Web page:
Advertising on Facebook is easy and so far very affordable compared to other forms of marketing. Facebook even has a special person who can list your cars for you, although this is probably not available to the non-dealership seller. Although Facebook is connected in a business sense to Instagram there is as yet no specific way to use Instagram for your dealership. Maybe this will change in future years?

There are many warnings about scams on Facebook, not unlike most marketplaces these days. The general advice is to pay cash for every transaction and never go to a place alone, especially if you believe yourself to be particularly vulnerable. Tell someone where you’re going in any case. Never pay for a car you have not seen.

 

Facebook and Cars (not selling)

Other people may use Facebook just to post blogs rather than sell cars, such as Auto.com. There are pages for specific types of car where you might choose to chat about what is good and what is bad about your specific vehicle. The most popular in terms of likes is both Mercedes Benz and BMW with 20 million likes.

This savvy use of Facebook builds goodwill with potential customers and creates that community effect. Essentially, they leverage Facebook for what it’s good at and keep their sales to themselves.

For those who aren’t car sellers, we can still use Facebook to look at other car related items. A search for “satnav” for example will bring up satnavs being sold in Facebook Marketplace, threads about satnavs from your history and articles posted about satnavs on Facebook.

If you go the Facebook Groups category you can find hundreds of satnav related groups you might like to join up to. As with anything, the more you put into Facebook the more it is possible to get out of it. Alternatively, you might like to look up Facebook Videos to see satnavs in use, though it seems rather similar to YouTube.

Looking for something like kit cars might be more troublesome, as you obtain details for how to make toy cars from kits, emergency car kits, Bluetooth kits for cars and so on. “Kit car” works better and make works better still, say something like “Lomax kit car.” As with anything you need to experiment in order to get the best result.

This has just been a short introduction; there should be a number of features you can take advantage of on Facebook for your car buying and car selling needs. It’s an active market and there is plenty of useful stuff out there.

Best of the Web: 50 Cars that Last

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Link to Original Story

There seem to be two theories in car ownership:
1. Buy a new car every two or three years to take advantage of the advanced reliability or
2. Pick up a low mileage used car and drive it until it dies–let someone else eat the depreciation.

If you follow theory number 2 (and most of us do) then you’ll want a car with a reputation for longevity.

Here’s what Interesticle has identified as the top cars to run over 250,000 miles.

1.) Subaru Forester
2) VW Passat
3) Lexus RX350 (450HP)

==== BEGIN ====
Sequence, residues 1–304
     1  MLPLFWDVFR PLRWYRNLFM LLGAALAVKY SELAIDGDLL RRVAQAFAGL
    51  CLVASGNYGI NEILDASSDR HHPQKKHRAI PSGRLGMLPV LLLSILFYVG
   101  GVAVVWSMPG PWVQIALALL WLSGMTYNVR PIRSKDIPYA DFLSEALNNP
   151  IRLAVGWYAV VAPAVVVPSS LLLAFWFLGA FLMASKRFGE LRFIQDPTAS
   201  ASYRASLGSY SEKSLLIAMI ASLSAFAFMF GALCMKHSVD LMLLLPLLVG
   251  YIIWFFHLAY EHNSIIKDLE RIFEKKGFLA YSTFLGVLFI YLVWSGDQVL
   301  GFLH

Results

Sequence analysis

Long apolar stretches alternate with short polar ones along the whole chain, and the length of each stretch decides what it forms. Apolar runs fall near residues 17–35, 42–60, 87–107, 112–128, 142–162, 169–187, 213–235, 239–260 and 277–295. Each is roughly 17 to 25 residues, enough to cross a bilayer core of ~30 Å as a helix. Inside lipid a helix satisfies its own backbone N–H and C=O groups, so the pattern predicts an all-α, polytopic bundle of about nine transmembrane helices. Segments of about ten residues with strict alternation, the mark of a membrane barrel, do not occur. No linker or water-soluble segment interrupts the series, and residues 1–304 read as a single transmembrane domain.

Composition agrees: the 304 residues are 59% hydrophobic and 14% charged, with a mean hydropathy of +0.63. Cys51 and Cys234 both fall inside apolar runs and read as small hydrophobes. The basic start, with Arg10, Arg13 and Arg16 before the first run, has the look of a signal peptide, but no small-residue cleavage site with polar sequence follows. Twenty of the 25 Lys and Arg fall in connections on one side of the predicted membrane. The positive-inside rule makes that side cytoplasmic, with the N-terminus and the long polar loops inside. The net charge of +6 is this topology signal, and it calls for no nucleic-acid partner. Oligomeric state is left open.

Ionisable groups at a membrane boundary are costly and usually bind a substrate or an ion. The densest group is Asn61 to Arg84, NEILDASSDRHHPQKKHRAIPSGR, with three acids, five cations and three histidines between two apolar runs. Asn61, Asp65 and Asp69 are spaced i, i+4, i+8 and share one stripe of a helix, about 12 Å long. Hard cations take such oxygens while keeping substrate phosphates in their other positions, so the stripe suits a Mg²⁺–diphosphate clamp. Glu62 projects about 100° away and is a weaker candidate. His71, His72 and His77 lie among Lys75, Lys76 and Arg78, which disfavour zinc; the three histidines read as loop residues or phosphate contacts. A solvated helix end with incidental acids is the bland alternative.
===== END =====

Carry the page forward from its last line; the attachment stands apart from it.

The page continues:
4) Honda CRV
5) Lexus ES 350/450
6) Toyota Camry Toyota 4 runner
7) Lincoln Town Car
8) Nissan Titan XD
9) Chevy Silverado
10) Honda Odessey

11) Acura RDX, Chevrolet Impala, Toyota Corolla etc.

The list is long but helpful.

Age and the Car

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Op-Ed by Paul Wimsett & A. Bunch

It does seem a shame that the moment you can afford a car, that car is out of bounds. Either the car is too big, or too sporty, or too showy, or some other reason society comes up with to disapprove of your choice. It’s the way of the world.

 

automobile-1853936_1920When you first get your license…

Previous generations just wanted a car. It represented freedom to explore the world and also not needing to borrow the family van to take your date out for pizza. Or worse, having a parent chauffer you to and from your date. If you bought your first car yourself, chances are was pretty scary and nearing the end of its life. If you’re one of the lucky few whose parents bought you a car then we recommend keeping your mouth shut. Especially if it’s something sporty, (you should know your peers hate you).

However you got your ride, just drive your chick/dude magnet up to school and remember that all that adoration won’t put gas in your tank. Better ask your date to pay for the pizza.

These days, teens seem to prefer mass transit or rideshare. They see cars as an extra expense, (and well it is, but come on) and since teens are not allowed to have jobs the only teens who get cars are those whose parents bought it for them.

 

auto-2179220_1920At the quarter life-life crisis…

This may be in the middle of your twenties. It’s when you realize every day you wake up you’re closer to 30 than 20. There’re three schools of thought here:

1) If you can pull it off, this is the time to get the car of the dreams. It doesn’t have to be practical when you’re established in your early career and splitting rent with friends. Well, work with your budget that’s the only solution. If you can’t get something like the Ford Mustang, go with a car slightly more reasonable option. Having said that the Mustang is better on the old finances than a Beamer…